L.A. On-Location Filming Growth Stalls in Second Quarter
Slowdowns seen in key film production categories and underwhelming numbers for feature, TV and commercial projects.
The pace of making movies, TV shows and commercials in Los Angeles was sluggish in the second quarter, showing a “marked slowdown in key film categories and underwhelming numbers,” according to a report released Tuesday by FilmL.A.
On-location filming across all categories increased 1.1 percent in the second quarter of 2011 compared to the same period in 2010, said FilmL.A., the private, not-for-profit group that coordinates and processes on-location permits. It tracks permitted production days in the city of L.A. and unincorporated areas (its statistics do not include anything shot on a studio lot).
The biggest losses in the latest report came in the TV category, which dropped 0.7 percent (4,024 vs. 4,052 permit production days), led by declines in sitcoms (down 29.4 percent) and reality TV (down 12.9 percent).
However, the big surprise in the TV category was a 26.6% increase in dramas thanks to production of such cable TV shows as TNT’s Hawthorne and FX’s Sons of Anarchy.
The production of feature films on location increased 4% compared with the same period a year earlier (1,604 vs. 1,542 days).
However, the report says that unlike every other quarter since July 2009 — when the state of California inaugurated the tax incentive program to stop runaway production — the $100 million California Film & Television Tax Credit program “had only a minor impact on local feature production totals.”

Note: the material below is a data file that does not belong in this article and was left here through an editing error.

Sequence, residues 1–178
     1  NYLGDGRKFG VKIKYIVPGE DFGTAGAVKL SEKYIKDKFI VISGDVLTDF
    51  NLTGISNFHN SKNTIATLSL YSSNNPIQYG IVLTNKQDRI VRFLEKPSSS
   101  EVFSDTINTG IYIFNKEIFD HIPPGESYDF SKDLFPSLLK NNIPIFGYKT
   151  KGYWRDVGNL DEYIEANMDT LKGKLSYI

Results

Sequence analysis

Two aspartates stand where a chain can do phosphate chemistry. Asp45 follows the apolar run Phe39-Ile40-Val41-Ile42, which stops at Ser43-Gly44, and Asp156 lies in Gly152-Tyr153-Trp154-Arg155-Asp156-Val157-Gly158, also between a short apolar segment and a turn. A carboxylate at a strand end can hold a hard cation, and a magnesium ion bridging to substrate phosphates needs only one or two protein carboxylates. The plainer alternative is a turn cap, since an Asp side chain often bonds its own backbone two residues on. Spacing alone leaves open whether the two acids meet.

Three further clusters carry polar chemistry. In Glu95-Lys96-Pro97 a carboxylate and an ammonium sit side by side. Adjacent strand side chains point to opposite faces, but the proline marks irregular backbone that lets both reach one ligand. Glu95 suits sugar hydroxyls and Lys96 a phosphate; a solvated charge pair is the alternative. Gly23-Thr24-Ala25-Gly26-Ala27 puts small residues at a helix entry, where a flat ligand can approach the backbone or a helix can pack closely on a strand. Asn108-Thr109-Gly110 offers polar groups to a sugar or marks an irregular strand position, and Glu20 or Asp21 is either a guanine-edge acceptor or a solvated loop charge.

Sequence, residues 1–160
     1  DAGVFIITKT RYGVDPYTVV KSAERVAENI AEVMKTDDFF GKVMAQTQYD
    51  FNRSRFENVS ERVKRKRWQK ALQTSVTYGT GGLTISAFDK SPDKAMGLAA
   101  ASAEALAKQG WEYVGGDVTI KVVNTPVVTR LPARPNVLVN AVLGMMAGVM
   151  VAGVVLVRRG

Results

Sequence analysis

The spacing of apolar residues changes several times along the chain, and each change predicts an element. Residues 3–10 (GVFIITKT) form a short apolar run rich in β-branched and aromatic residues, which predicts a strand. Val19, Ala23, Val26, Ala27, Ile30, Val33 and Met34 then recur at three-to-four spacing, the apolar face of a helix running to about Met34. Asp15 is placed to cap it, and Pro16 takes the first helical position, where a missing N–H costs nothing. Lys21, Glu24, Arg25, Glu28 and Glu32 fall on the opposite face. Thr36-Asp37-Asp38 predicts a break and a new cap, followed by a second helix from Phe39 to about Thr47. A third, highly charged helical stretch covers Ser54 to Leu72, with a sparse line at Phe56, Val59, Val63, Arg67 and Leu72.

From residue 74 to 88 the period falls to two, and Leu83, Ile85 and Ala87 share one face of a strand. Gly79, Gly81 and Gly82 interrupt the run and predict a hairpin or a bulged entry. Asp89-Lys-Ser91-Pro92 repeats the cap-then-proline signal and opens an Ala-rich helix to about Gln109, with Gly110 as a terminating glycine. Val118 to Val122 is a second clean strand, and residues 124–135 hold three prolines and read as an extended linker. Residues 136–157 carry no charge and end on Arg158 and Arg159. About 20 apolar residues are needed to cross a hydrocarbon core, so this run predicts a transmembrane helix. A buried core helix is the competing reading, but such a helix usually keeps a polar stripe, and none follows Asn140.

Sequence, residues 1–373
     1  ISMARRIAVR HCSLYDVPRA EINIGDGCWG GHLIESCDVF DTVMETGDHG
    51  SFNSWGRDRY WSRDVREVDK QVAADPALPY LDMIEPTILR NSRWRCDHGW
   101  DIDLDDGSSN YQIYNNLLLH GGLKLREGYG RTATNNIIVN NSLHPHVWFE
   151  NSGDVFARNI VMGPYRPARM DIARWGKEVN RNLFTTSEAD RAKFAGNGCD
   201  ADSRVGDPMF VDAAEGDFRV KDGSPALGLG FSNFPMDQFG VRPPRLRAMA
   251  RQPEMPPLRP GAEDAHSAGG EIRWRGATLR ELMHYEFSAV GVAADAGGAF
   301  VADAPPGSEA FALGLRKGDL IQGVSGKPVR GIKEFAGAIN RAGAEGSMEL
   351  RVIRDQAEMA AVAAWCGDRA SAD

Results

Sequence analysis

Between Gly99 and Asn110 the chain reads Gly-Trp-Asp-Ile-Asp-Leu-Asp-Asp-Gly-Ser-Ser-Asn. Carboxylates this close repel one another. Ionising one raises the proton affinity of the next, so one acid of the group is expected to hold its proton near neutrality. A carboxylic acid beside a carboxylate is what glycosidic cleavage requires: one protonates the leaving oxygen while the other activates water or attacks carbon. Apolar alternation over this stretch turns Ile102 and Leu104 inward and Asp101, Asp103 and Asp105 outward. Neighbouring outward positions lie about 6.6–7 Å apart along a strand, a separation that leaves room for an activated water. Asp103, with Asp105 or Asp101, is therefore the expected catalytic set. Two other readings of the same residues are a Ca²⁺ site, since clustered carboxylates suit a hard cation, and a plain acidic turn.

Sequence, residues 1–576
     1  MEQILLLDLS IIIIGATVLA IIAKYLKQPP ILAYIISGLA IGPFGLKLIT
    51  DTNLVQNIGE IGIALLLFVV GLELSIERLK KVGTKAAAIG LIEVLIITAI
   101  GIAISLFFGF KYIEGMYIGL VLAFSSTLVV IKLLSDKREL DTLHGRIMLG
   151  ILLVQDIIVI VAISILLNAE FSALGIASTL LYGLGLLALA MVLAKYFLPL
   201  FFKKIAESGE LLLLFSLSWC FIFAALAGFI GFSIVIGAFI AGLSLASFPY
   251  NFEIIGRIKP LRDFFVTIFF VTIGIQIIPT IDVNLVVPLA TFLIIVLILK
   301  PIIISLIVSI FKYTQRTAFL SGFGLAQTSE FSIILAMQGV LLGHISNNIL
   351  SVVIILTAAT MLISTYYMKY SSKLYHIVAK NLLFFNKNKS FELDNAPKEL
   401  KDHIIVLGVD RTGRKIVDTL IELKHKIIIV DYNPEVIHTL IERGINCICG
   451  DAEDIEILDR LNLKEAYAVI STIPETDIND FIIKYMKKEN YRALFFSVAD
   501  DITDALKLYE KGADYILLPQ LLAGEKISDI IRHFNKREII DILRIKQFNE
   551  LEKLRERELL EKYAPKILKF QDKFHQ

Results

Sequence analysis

Only five features using the California tax incentives filmed on location in Los Angeles this past quarter, generating 117 days or 7.3 percent of overall feature production. The same quarter in 2010 saw 16 features using tax incentives, which generated 423 days of work or 27% of the features produced in and around L.A.
“We expect to see features get a boost as a new crop of incentivized projects hits the streets,” FilmL.A. president Paul Audley said. “Unfortunately, the momentum we carried in television may be gone. A lot of the new shows you’ll see this fall won’t be filming in California. As a result, we’re expecting a lackluster second half of the year for TV.”
Also down was production of commercials, decreasing 7.5% in the second quarter compared with the prior year. That came after a 21-month surge that surprised industry experts.